Professor Simon Jackson, CEO and founder of Molendotech Ltd., obtained his BSc and PhD in Chemistry/Biochemistry at Cardiff University, and after a period as visiting researcher at Dartmouth Medical School, USA, he developed his research career, first at the Medical School, Cardiff University and then as a research leader at the University of West England, Bristol, before taking up the position of Biomedical research lead at the University of Plymouth.
He has over 200 publications in the area of infection and immunity and has particular expertise in the cell and molecular responses to pathogenic molecules, such as lipopolysaccharide (LPS, endotoxin). His research has been centered on immunological and inflammatory responses to infection and the key role played by bacterial molecules, such as LPS, and for the development and application of relevant assays and cell models to study such responses.
His research led to the formation of the spin-out company Molendotech in 2018 and, as well as running the company, he remains actively engaged in research and has been awarded grants from the UK Reasearch Councils, industry, charities and Government bodies.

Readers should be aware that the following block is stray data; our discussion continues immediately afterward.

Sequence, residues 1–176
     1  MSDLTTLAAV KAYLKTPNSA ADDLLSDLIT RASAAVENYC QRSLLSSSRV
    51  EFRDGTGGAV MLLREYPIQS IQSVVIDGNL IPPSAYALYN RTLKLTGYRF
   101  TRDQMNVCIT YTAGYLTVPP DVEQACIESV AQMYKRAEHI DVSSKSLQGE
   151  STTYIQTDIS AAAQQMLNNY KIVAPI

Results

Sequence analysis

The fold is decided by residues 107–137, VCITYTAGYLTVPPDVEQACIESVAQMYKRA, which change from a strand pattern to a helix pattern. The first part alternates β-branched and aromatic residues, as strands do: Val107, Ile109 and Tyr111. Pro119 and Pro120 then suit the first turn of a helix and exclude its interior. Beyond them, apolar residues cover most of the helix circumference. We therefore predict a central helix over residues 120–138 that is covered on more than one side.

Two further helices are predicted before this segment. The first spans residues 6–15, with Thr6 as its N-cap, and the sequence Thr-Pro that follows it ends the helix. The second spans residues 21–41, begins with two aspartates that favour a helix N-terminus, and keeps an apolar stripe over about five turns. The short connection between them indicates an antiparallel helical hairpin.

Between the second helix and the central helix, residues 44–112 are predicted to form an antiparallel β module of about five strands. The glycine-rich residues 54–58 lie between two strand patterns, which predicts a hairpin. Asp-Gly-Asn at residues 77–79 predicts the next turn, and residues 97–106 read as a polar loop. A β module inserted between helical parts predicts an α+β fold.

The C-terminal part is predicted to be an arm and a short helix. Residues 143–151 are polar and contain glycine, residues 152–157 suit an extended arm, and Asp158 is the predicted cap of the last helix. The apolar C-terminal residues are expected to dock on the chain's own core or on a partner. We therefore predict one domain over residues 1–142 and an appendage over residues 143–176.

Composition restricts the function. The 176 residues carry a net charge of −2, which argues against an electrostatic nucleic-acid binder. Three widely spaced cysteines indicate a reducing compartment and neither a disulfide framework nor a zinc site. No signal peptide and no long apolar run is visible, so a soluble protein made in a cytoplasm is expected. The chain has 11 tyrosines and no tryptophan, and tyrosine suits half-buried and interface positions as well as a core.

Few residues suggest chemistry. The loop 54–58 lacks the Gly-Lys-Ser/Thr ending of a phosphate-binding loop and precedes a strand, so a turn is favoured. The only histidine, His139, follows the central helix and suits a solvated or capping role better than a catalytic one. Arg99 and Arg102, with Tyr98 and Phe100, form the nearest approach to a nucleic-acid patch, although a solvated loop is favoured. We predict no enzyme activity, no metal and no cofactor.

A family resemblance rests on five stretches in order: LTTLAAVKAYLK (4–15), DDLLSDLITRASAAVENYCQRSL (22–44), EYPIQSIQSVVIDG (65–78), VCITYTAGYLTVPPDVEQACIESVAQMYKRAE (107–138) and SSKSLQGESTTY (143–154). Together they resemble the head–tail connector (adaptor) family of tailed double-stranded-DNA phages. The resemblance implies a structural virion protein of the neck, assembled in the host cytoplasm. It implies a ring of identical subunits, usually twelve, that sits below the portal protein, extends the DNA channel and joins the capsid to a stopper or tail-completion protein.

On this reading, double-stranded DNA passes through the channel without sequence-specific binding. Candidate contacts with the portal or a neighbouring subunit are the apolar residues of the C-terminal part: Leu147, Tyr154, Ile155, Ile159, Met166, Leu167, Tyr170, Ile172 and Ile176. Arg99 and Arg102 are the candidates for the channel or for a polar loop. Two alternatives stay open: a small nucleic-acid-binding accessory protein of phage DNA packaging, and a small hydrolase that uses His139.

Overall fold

PROFESSOR JACKSON, THE FIELDS OF CHEMISTRY AND BIOCHEMISTRY ARE VAST AND EXHILARATING. WHAT LEAD YOU TO EXPLORE THE IMMUNOLOGICAL AND INFLAMMATORY RESPONSES TO INFECTION?
I have always been interested in life sciences and how the body responds to external stresses. My Ph.D. was on free radicals and biological responses and this led to a postdoctoral study at Medical School on free radicals and disease mechanisms, including sepsis.
I found this a fascinating area of research, especially as little was known about the detailed molecular mechanisms of sepsis and the pathogen triggers.
This got me into the study of pathogen triggers of inflammation and endotoxins (lipopolysaccharide; LPS) in particular. I was intrigued by how such an ancient molecule was recognized by the immune system and how this could become dysregulated.
A BIG PART OF YOUR RESEARCH HAS FOCUSED ON ENDOTOXINS OR BACTERIAL LIPOPOLYSACCHARIDE (LPS). COULD YOU BRIEFLY EXPLAIN WHAT THESE MOLECULES ARE?
The lipopolysaccharide (LPS) is an integral component of the outer membrane of Gram-negative bacteria.
It is a structural component that also protects these organisms from environmental factors, including those encountered in the gut of animals and humans.
For historical reasons, the LPS was described as “endotoxin” to distinguish the molecule from bacterial “exotoxins” but they are very different.
- ⇰ Exotoxins are usually proteins and have toxic effects on cells and tissues.
- ⇰ Endotoxins are composed of glycolipids and are not intrinsically toxic. It is the host’s response to LPS that can cause damage and may even be lethal.